Rounding out a record-setting week: total ISO-New England system demand reached 27,377 megawatts on Friday July 19th. That ranked in as the fourth highest demand day in New England history. It also bumped Thursday July 18th down to the #9 slot in the Top 10 and moved Wednesday July 17th into 12th place.

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Robert Hargraves's picture
Robert Hargraves on Jul 17, 2013

But $200/MWh is still less than we are paying for wind or solar power with feed-in tariffs.

Christos Makridis's picture
Christos Makridis on Jul 18, 2013

Thank you for the contribution Jesse and would be curious to hear your remarks about the following too. The real issue is on the structure of wholesale and retail electricity markets — no dynamic pricing (i.e. price doesn’t adjust continuously throughout the day) and retail markets don’t have marginal cost pricing (in contrast, the tariff pricing as you mentioned). Adding additional electricity to the grid doesn’t solve the problem — this escalates costs because it creates excess capacity when demand is low 99% the rest of the time.

Thus, it’s a market design problem — not an energy mix problem. The two overlap, but in terms of the source of the high prices, literature suggests it is the former that’s the real culprit.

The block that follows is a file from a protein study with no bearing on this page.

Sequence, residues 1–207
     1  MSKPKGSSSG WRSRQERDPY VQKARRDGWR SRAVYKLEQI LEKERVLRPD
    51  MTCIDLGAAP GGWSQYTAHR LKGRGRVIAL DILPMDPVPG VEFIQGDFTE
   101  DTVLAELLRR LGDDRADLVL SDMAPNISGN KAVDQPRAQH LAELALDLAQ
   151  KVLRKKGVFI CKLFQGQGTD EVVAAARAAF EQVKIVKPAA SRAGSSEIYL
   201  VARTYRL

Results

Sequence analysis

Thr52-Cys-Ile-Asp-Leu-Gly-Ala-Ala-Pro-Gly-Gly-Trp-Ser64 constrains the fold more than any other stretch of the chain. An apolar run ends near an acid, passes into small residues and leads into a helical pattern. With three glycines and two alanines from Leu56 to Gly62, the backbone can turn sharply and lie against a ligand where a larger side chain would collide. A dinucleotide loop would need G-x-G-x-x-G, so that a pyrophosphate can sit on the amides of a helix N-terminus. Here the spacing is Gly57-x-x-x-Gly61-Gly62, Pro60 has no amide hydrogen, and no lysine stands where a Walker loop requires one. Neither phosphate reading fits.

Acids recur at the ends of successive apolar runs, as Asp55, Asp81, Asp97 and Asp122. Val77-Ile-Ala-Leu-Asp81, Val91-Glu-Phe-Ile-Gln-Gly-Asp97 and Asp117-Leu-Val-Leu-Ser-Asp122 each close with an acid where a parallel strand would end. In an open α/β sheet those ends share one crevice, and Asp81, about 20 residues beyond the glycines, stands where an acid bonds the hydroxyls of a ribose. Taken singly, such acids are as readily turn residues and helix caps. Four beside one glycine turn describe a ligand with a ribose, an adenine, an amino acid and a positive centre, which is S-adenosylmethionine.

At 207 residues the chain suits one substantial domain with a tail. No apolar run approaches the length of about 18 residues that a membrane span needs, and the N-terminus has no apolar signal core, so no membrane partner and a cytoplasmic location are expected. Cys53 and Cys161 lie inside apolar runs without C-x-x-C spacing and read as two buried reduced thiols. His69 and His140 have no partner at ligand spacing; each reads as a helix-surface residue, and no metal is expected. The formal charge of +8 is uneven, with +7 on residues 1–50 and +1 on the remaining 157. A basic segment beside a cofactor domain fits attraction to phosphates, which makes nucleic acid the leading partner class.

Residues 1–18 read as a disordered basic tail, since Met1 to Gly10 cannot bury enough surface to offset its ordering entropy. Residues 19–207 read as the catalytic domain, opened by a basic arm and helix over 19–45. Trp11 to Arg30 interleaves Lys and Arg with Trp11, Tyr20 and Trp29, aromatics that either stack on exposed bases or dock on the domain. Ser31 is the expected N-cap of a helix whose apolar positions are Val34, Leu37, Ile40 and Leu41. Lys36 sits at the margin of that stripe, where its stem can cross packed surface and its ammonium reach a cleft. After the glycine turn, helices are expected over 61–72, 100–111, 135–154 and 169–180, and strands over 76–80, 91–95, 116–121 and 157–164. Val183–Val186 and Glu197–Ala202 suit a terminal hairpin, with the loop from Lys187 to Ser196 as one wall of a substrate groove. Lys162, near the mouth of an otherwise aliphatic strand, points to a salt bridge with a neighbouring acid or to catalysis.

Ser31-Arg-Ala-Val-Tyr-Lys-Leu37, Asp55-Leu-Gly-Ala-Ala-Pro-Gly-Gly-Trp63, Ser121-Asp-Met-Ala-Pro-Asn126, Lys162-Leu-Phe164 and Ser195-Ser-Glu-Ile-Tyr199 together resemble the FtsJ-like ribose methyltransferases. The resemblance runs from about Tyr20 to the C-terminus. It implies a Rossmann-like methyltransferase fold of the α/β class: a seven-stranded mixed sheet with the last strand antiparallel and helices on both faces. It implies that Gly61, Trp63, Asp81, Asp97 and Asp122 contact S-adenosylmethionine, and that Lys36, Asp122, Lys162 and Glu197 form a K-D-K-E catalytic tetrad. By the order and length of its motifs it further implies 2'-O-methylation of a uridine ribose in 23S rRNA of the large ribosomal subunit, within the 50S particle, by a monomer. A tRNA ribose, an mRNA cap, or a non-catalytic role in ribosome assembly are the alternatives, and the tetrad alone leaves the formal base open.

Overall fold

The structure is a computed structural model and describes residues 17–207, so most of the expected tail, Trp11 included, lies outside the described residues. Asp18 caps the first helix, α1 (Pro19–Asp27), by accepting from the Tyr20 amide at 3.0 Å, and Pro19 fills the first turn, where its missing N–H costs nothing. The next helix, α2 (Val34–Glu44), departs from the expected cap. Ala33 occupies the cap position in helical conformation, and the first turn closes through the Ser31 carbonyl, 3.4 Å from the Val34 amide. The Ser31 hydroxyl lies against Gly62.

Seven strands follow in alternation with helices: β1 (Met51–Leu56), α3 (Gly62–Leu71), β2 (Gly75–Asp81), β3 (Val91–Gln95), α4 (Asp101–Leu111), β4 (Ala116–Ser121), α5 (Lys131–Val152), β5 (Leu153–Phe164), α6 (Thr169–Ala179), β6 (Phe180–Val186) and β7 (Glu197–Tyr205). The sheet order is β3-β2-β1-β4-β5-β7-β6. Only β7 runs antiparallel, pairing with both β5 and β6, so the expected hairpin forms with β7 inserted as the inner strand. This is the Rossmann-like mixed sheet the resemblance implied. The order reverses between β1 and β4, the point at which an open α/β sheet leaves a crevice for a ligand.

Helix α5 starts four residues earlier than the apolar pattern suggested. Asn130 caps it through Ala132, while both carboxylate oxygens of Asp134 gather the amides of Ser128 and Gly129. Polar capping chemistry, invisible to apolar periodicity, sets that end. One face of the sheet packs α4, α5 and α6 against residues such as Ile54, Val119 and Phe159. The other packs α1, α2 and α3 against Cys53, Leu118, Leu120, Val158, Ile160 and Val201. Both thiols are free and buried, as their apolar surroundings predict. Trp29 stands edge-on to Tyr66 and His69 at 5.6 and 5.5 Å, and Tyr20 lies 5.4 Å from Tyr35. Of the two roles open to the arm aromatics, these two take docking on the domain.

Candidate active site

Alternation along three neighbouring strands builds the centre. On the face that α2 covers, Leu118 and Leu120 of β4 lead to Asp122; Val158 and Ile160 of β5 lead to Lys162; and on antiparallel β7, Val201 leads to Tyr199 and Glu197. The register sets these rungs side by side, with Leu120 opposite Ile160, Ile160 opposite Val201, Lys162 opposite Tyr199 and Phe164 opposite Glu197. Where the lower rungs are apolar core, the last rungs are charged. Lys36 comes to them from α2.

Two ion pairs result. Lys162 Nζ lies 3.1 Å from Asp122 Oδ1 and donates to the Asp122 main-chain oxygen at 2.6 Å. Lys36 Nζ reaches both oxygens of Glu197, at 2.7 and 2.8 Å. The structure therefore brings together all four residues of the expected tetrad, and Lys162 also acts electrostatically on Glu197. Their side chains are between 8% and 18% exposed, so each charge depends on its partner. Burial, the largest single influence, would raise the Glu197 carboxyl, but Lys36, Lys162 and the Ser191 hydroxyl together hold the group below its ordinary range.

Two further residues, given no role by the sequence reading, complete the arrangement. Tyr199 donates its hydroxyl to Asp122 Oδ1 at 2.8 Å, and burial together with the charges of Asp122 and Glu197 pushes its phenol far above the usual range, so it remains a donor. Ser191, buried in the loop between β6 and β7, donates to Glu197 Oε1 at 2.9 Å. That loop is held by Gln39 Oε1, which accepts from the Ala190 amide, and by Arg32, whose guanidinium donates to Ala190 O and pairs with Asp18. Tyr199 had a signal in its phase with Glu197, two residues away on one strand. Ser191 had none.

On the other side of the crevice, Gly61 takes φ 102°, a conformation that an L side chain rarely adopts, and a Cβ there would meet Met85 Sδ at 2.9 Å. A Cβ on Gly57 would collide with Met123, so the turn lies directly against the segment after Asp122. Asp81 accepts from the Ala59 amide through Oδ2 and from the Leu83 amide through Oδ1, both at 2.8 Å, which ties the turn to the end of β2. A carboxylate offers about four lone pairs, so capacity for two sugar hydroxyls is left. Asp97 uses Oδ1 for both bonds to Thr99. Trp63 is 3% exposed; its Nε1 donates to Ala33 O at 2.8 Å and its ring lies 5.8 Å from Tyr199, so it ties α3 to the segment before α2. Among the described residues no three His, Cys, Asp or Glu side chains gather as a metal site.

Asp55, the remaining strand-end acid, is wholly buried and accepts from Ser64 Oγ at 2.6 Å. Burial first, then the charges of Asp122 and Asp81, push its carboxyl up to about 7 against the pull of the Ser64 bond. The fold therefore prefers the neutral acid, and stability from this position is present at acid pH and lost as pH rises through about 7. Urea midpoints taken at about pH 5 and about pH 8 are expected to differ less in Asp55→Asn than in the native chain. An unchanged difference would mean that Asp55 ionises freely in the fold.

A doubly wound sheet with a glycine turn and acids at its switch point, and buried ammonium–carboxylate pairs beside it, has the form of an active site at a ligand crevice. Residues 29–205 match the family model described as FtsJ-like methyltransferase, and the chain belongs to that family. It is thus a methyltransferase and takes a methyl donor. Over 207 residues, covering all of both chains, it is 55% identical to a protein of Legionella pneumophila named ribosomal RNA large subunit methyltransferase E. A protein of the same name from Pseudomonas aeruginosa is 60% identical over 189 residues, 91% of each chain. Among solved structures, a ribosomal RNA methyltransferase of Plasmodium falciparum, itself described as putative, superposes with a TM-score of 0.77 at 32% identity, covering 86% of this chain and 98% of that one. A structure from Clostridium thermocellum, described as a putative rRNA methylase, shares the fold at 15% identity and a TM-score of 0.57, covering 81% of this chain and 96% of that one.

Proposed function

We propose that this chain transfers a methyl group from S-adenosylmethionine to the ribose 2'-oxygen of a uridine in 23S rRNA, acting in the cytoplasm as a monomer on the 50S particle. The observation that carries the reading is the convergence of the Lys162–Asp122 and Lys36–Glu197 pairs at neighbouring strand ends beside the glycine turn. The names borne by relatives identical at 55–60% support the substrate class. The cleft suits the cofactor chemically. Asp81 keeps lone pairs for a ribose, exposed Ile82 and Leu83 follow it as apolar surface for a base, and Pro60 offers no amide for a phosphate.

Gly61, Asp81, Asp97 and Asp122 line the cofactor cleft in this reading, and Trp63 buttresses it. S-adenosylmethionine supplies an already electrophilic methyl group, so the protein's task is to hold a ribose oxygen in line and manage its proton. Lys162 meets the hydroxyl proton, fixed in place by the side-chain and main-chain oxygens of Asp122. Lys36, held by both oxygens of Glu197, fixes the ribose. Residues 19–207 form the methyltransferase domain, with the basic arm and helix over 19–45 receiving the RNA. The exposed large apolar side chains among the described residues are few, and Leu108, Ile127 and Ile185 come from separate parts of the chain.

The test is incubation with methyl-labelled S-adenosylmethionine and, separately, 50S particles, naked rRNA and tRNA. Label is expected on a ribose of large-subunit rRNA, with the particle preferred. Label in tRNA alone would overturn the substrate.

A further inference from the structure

Jesse Jenkins's picture
Jesse Jenkins on Jul 18, 2013

Hi Christos,

Yes this is largely an issue with retail tariff design. Wholesale markets do fluctuate dynamically, as the post describes, reflecting the cost of supplying the marginal megawatt-hour at a given location on the grid (either by zone as in New England or specific point or “node” as in PJM). But whereas wholesale prices fluctuate to reflect marginal costs, retail prices generally do not. Most of us are on flat tariff rates, where each kilowatt-hour we consume costs us the same regardless of whether its in the dead of night or the heat of day.

Some utilities have tiered or time-of-day tariffs that help more closely reflect the difference between peak and off-peak consumption. Some even update these seasonally, as a peak day in the summer looks different (and costs differently) than a peak day in the winter or spring. But even those are fixed tariff rates for each tier, so they don’t pass along a price signal when prices spike and reach levels like we were seeing yesterday afternoon (and will again today and likely tomorrow as well). Instead, utilities and system operators have to rely on “demand response” markets to try to send price signals to reduce demand at these times by paying people who voluntarily reduce their demand. Companies like EnerNOC have done an excellent job capitalizing on and building out this kind of business opportunity, and the PJM system operators in particular have done a great job integrating these kinds of demand response providers into the market for peak power and reserves.